Managing & Prioritizing Technical Debt
Technical debt occurs when software development teams choose easy, or quick solutions to quickly deliver short-term projects due to time, budget, or other constraints. These solutions, however, are not reliable for long-term goals and regularly cause bugs or security concerns and take additional effort to fix later.
On average, engineers spend almost 33% of their total time dealing with technical debt. In a McKinsey survey, it was found that 10-20% of the total technology budget is reserved for resolving technical debt issues. Moreover, it was estimated that the amount of tech debt is 20-40% of the value of the entire technology. For larger organizations, this can mean hundreds of millions of dollars of unpaid debt.
Technical debt is a lot like financial debt. With financial debt you borrow money today and have to pay the money back with interest tomorrow. Technical debt is similar, but instead of borrowing money you are borrowing or shifting time. Instead of building or designing something today with greater attention to detail, things are built “good enough” today with the expectation that it’ll get fixed later. But, like monetary debt, technical debt isn’t a 1 to 1 trade. Shortcuts taken today typically take more time to fix in the future than they would have to implement differently to begin with.
Most times, software development teams are in a hurry to deliver new products and solutions. So, they choose a quick and easy fix over a more reliable long-term solution. Even though the latter is more complex and time-consuming, it can save unnecessary maintenance costs later.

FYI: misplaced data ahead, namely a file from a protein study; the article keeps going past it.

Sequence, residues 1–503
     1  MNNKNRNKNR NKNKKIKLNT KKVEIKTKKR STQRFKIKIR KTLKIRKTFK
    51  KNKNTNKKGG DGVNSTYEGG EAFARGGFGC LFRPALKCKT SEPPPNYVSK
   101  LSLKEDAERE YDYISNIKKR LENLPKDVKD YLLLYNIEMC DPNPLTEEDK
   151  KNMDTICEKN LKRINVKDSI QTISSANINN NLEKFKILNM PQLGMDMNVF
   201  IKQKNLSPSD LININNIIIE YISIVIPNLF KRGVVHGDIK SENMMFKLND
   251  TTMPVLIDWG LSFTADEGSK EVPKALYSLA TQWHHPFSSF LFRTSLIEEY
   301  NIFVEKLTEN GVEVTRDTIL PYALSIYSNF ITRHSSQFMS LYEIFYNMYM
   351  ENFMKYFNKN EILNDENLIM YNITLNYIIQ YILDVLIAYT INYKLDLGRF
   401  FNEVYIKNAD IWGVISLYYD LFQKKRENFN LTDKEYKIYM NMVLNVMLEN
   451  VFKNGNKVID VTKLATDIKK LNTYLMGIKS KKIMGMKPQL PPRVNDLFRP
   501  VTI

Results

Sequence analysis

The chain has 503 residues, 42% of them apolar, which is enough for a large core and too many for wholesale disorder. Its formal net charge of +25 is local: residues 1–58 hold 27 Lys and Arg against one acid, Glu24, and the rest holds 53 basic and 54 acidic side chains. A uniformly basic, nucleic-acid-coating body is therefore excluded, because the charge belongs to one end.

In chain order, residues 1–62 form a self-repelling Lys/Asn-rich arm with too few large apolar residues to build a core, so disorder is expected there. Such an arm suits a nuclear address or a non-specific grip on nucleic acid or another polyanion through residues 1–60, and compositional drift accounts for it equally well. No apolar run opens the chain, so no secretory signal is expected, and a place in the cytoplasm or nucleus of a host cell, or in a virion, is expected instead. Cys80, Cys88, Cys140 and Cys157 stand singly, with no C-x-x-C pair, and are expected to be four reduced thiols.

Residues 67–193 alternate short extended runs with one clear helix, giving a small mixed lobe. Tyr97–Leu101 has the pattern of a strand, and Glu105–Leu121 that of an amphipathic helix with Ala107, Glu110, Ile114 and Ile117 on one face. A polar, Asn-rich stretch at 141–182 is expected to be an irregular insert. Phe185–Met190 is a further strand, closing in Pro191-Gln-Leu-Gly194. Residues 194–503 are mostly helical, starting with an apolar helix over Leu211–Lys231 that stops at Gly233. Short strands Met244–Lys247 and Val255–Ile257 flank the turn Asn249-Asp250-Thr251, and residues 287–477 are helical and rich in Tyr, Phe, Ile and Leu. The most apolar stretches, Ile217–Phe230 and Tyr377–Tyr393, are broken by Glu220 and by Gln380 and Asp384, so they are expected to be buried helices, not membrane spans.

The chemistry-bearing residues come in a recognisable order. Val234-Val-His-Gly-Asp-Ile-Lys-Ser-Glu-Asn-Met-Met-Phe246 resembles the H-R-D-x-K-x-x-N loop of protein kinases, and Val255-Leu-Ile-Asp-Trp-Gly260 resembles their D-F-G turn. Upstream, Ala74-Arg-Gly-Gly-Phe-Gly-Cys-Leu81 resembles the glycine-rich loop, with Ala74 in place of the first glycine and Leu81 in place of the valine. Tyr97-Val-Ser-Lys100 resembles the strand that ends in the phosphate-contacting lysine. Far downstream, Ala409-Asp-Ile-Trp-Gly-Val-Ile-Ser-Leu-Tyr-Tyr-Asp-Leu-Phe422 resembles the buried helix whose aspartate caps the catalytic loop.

While this increase speed to launch, to be scalable an app needs to operate with micro-service architecture, which means at a later time the developers will need to break up the app while maintaining the existing code base and migrating changes between both pipelines.
When technical debt is left unattended for a long time, it poses a huge problem. This happens when organizations push the issues to the background, hoping for them to get resolved themselves or they end up focusing their efforts in a different direction. Sometimes, developers, too, compensate for technical debt by working on another project, in which the possibility for technical debt is less.
For instance, if the delivery of several projects is linked to a key project that was developed by adopting a quick solution, then the entire chain of deliverables may get affected, leading to insurmountable technical debt. Developers must fix the issues in the existing project before moving further to ensure the issues do not amplify in the projects aligned with it. It’s during such times that organizations realize the factors governing a debt’s worth are frequently modified codes, the time required to fix errors, etc. You need to prioritize the fixes to ensure other deliverables are not affected.
Follow an 80/20 approach when forming a technical debt strategy to improve the development of code paths that you use more frequently. While this approach does not eliminate technical debt, it helps manage it more efficiently. If there is an issue in the software that does not affect common development activities, you can leave it unattended to ensure your team works in the right direction.